A week ago I finished to read a book called The paradox of choice. I chose it because I saw the author in a Ted Talk, or maybe someone mentioned it to me. Anyway, L. and I were quite intrigued by the theory behind the book, so he bought it and I read it – as usual. I have to say that I am still thinking about it, now I’ll explain why.
The theory behind the book is that having the choice of products we have now makes our existence more difficult and sad. If I have to buy a shirt, where do I go? There are so many shops out there with so many different types of shirts available in an almost infinte array of colours, prices and shapes that if you are keen on making the perfect choice you go crazy. That’s not just about clothing. The same thing can be applied to insurances, phone companies, cars, restaurants, holidays, anything we can purchase with our money.
On the one hand, I do understand the point that the author makes. It is true, there are too many options. When I go shopping and I want to try something new I almost get scared because there are too many options, therefore I usually stick with the usual. I sometimes think that I would like to try a cream that is produced locally and in small numbers as big companies are spending too much money on advertising. However, when I go to beauty stores and there are too many options it gives me a headache.
On the other hand, though, I found a way to get through my life by not being a perfectionist on what I buy and by sticking to what I like. I do my best to only buy what I need and to get rid of what I don’t use anymore. I go shopping in the same ten stores and I buy the grocery at the local supermarket, I use Amazon to compare prices but I don’t drive myself crazy to get the cheapest deal. This means that when I try something new and I like it, I am rather please with having a choice more. For example, when we moved in this house I absolutely needed to wash some clothes and used the laundry cleanser that was under the sink. It was an emergency and it looked ok. I was surprised at how god it was, it had a marvellous smell of fresh herbs and my clothes were pretty cleaned. The following week I went to the supermarket and bought that same bottle, thinking how lucky I was to have that extra choice.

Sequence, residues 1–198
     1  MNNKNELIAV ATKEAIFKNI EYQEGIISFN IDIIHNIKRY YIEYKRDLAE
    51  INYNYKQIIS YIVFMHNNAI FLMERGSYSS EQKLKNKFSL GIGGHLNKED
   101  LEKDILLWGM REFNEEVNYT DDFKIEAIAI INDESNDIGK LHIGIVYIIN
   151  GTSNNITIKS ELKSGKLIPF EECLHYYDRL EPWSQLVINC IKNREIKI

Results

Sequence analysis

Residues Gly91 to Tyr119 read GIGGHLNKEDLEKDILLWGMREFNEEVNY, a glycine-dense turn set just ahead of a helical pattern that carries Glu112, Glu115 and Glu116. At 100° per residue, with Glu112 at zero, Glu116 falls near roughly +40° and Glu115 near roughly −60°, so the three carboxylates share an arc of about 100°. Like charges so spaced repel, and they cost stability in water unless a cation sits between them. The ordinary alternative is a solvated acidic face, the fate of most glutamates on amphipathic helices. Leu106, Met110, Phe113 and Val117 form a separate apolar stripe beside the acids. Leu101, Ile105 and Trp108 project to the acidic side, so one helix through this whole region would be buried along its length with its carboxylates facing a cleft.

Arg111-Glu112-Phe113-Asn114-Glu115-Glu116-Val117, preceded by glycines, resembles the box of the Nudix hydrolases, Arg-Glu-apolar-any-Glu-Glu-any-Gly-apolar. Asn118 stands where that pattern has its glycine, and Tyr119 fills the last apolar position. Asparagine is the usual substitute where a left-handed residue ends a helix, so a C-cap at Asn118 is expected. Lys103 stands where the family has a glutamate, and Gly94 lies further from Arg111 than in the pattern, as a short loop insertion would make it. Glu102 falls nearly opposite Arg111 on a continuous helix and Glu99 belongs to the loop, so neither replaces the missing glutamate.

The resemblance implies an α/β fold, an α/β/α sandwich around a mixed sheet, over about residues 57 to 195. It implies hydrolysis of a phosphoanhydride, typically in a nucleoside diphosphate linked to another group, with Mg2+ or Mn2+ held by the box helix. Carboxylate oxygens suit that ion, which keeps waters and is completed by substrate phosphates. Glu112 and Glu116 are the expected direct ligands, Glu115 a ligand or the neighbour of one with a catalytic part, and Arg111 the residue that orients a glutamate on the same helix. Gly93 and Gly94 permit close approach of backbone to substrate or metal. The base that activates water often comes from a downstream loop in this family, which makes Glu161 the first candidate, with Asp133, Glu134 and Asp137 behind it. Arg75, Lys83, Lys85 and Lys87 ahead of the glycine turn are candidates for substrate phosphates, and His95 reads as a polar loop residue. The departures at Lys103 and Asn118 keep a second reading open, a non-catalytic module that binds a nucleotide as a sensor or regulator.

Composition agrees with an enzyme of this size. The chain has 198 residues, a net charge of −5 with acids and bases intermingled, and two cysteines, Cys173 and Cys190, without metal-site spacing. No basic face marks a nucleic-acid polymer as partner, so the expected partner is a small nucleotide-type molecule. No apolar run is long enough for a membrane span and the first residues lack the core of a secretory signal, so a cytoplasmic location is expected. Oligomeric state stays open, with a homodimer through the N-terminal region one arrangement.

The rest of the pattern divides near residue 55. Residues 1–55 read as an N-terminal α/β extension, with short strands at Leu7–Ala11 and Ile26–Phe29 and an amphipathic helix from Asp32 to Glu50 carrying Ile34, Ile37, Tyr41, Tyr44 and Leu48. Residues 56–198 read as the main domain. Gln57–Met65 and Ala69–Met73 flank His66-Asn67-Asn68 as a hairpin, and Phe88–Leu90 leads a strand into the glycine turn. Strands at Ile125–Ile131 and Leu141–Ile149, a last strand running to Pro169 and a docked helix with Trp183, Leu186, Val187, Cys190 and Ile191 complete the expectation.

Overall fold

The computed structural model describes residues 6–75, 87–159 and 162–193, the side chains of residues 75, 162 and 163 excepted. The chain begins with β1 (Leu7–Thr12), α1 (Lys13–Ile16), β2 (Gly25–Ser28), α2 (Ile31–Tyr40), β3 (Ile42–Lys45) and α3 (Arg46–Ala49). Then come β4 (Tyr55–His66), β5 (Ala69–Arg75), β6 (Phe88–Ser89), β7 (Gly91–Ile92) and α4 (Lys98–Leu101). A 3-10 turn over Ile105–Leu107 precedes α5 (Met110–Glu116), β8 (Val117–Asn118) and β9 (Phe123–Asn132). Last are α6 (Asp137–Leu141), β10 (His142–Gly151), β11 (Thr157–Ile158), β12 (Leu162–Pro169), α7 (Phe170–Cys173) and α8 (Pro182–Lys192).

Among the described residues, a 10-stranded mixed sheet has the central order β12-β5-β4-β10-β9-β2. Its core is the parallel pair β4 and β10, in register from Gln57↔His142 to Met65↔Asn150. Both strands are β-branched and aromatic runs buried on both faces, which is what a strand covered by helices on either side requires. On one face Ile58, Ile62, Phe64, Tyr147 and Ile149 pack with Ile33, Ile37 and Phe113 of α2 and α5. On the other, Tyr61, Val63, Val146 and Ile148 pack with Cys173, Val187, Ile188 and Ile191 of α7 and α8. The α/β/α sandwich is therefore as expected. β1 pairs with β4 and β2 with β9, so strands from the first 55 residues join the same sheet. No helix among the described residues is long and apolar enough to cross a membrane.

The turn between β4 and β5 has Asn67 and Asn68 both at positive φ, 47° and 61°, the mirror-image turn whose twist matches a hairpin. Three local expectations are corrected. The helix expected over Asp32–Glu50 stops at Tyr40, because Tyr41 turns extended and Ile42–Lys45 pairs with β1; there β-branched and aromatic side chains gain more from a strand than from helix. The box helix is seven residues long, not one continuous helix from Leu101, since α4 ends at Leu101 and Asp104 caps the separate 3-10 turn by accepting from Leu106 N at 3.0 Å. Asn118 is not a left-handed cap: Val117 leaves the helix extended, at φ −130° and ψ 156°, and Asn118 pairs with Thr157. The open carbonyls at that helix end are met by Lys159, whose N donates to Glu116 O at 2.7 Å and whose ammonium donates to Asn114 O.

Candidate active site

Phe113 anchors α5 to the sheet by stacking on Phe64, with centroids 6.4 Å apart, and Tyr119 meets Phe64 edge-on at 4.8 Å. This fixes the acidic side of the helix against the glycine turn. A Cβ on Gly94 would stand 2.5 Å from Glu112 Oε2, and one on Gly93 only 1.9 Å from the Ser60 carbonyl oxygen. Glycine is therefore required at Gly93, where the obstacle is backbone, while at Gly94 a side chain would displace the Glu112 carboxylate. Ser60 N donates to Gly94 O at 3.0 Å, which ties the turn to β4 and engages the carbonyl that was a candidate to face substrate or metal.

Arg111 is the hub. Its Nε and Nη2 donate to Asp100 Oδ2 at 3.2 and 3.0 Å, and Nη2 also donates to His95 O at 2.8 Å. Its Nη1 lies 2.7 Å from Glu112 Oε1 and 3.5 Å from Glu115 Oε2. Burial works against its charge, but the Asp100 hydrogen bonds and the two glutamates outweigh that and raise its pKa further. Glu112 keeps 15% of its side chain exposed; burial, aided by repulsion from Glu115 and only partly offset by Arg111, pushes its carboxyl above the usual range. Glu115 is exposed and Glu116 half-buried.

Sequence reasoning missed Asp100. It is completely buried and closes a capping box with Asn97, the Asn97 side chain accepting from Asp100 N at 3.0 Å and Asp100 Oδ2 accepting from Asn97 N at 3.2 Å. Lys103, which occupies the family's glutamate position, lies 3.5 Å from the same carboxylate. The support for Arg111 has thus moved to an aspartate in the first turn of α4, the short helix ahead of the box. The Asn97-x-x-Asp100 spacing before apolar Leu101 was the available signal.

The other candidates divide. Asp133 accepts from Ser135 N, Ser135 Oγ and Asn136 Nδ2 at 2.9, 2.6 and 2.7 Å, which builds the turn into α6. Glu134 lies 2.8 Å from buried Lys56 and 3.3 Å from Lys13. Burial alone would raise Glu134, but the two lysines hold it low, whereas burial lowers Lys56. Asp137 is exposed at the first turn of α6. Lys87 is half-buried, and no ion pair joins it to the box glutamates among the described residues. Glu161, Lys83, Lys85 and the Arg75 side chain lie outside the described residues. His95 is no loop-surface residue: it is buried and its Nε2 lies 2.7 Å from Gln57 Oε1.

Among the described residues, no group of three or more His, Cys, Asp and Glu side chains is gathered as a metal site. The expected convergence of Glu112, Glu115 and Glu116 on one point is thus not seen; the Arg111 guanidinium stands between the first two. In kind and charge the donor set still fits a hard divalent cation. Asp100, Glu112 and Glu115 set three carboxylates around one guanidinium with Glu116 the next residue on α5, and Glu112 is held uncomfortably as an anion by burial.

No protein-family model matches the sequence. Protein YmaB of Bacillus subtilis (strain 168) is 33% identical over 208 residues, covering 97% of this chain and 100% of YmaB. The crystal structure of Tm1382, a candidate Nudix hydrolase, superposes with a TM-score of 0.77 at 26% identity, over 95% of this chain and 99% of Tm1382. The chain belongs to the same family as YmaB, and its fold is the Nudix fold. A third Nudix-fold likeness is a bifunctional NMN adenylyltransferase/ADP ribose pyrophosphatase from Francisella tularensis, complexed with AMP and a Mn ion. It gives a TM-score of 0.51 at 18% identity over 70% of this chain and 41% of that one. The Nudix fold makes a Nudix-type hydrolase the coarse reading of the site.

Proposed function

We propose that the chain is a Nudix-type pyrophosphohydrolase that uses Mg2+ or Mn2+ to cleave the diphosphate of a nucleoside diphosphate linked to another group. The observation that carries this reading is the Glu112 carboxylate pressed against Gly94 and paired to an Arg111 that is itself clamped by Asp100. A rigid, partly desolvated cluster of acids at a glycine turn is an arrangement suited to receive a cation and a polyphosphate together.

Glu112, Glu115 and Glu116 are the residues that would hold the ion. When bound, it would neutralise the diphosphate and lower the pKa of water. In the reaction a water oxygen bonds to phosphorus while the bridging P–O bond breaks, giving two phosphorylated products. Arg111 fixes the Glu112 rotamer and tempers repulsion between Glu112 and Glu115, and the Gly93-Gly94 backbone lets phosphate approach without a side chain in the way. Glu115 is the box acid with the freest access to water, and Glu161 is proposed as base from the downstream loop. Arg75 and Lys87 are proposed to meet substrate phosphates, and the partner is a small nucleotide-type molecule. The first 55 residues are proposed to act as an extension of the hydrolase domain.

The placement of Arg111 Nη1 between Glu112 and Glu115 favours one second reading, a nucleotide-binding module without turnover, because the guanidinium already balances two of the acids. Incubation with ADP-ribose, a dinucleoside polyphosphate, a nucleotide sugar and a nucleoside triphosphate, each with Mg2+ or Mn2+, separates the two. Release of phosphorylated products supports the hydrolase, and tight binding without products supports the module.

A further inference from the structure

What I am trying to say is that yes, there are far too many options and sometimes it can feel overwhelming, but having my own rules helps me enjoying it. What I do agree to, though, is how communities are disappearing, we have less and less time for family and friends, we put ourselves first always, no exception and we are less committed to friendships and relationships. I grew up in a big family and still feel a great bound to my sisters, still I have to remember myself to keep in touch with the friends I care about the most. I see couples splitting up after one argument or avoiding serious commitment like if it was hell. I agree with the author on this point, we need some rules and we need to cultivate relationships to live a better, happier life.